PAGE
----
SAO PAULO, Aug 15 (Reuters) - Whichever way Brazil’s steel industry looks it sees pain.
At home, the economy is on the brink of recession and demand for the world’s most used metal is on the wane. Abroad, Brazilian exports are hampered by a strong currency and global production overcapacity.
What is needed, steel executives say, is widespread reform, including higher infrastructure spending, lower taxes, and a weaker Brazilian real .
But although steel companies talk urgently of a state of crisis, and many analysts and economists agree, little change can be expected soon with a presidential election just two months away.
Last week, Companhia Siderurgica Nacional SA, known as CSN, the country’s largest diversified steelmaker, posted a 96 percent drop in quarterly net income. “Only a crazy person would invest in Brazil right now,” CSN Chief Executive Benjamin Steinbruch told a conference in Sao Paulo this week.
Strong words for a leader of an industry that remains fiercely nationalistic. The conference began with the national anthem and executives repeatedly stressed their patriotic credentials before sticking the knife in.
The problem for Brazil is that the suffering of its steel industry is both the result of a weakening economy, as demand from the construction and auto sectors drops, and a cause of economic weakness as the high price of steel stops companies investing.
In the past three years economic growth in Brazil has slowed to a crawl with a number of economists suggesting the country may have already fallen into recession. An economic activity index that measures the farming, industrial and services sectors fell in June for a fifth straight month.
The country’s auto industry is on track for its biggest drop in sales in more than a decade, and inflation is leaning heavily against the upper limit of the central bank’s target range.
Industry group Instituto Aço Brasil expects steel production to fall 2.5 percent this year, with domestic sales down nearly 5 percent.
Benjamin Baptista, CEO of the Brazilan unit of global steelmaker ArcelorMittal, tried to find a silver lining when asked for his forecasts. “It’s hard to be worse than it is now,” he said.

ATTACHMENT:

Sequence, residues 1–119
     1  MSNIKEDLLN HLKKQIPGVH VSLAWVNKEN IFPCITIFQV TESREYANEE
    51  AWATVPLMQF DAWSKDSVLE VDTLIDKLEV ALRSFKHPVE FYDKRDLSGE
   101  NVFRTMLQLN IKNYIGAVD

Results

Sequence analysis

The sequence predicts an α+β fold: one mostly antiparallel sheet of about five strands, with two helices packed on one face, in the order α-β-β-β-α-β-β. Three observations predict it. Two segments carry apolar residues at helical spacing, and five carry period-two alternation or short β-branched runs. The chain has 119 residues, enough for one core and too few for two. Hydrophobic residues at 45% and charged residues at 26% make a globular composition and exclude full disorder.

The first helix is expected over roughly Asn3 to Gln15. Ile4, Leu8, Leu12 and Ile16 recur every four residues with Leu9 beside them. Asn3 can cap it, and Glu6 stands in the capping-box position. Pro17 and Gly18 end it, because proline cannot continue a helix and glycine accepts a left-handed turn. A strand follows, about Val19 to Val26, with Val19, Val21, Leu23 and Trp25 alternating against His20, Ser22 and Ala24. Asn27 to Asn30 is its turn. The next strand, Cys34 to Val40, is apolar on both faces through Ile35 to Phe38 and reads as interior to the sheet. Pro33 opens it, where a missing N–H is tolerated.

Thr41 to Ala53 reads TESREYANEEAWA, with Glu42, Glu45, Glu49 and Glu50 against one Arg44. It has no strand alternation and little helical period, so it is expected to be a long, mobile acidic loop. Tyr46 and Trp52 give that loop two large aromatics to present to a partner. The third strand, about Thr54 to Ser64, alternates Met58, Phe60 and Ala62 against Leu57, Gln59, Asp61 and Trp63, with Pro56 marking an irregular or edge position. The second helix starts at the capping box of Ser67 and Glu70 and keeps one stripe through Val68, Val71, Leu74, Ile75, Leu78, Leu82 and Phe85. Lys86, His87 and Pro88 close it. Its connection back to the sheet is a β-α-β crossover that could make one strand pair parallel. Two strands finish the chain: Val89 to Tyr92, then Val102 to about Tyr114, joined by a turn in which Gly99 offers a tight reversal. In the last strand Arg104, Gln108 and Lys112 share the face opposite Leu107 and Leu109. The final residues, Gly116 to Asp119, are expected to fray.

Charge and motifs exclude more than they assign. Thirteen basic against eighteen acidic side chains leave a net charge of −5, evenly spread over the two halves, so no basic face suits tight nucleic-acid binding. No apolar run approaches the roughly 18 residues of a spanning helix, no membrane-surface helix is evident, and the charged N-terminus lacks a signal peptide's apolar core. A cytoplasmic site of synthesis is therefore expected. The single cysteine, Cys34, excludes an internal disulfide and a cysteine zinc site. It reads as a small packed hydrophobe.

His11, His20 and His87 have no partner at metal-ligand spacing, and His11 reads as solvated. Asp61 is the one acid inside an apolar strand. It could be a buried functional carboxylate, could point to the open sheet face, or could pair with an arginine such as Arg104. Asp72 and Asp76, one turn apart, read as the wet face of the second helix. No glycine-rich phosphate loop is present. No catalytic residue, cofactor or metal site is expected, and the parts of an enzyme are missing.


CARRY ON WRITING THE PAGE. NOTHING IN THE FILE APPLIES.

With the situation at home severe, exporting seems the answer. Steelmakers loathe to reduce production levels because it results in higher costs, politically sensitive job losses and puts companies at a disadvantage if markets pick up.
But international markets are flooded with steel from China, where a rampant increase in production over past decades has dramatically outstripped demand as Chinese growth slows.
Both Usiminas, formally known as Usinas Siderurgicas de Minas Gerais SA and one of the largest steelmakers in the Americas, and CSN say they are looking to export more steel products but acknowledge margins could suffer.
The biggest problem is the strong real. Some economists estimate that given Brazil’s current account deficit, the real should be at a level of between 2.7 and 3.0 to the dollar.
On Friday it was trading at 2.27 to the dollar. Brazil’s central bank intervenes regularly in the market to prop up the currency to keep inflation under control.
Steelmakers expect the real to weaken through to the end of the year, offering some respite. But the exchange rate is not the only problem.
According to Sergio Leite, vice-president for sales at Usiminas, the high tax burden in Brazil makes the industry uncompetitive.
He cited a study from Aço Brazil in 2012 that showed Brazilian steel had lower production costs than any of the world’s five main producers: the United States, Germany, China, Russia and Turkey.
But “when this steel arrives in the hands of the consumer, with taxes added, it arrives as the most expensive,” Leite said.
High taxes, however, are in essence the flip side of the protection from imports the industry enjoys through strict anti-dumping legislation. The steel industry, by asking for lower taxes but a continuing barrier to imports, wants its cake and eat it too.
But the sense that reforms are needed, and will be delivered by whoever wins the election, is gaining traction.
“There is now a consensus from various industrial sectors that reform is needed to improve the tax system, to simplify and reduce bureaucracy,” said Luciano Coutinho, president of Brazil’s powerful development bank, BNDES. (Additional reporting by Walter Brandimarte; Editing by Todd Benson; and Peter Galloway)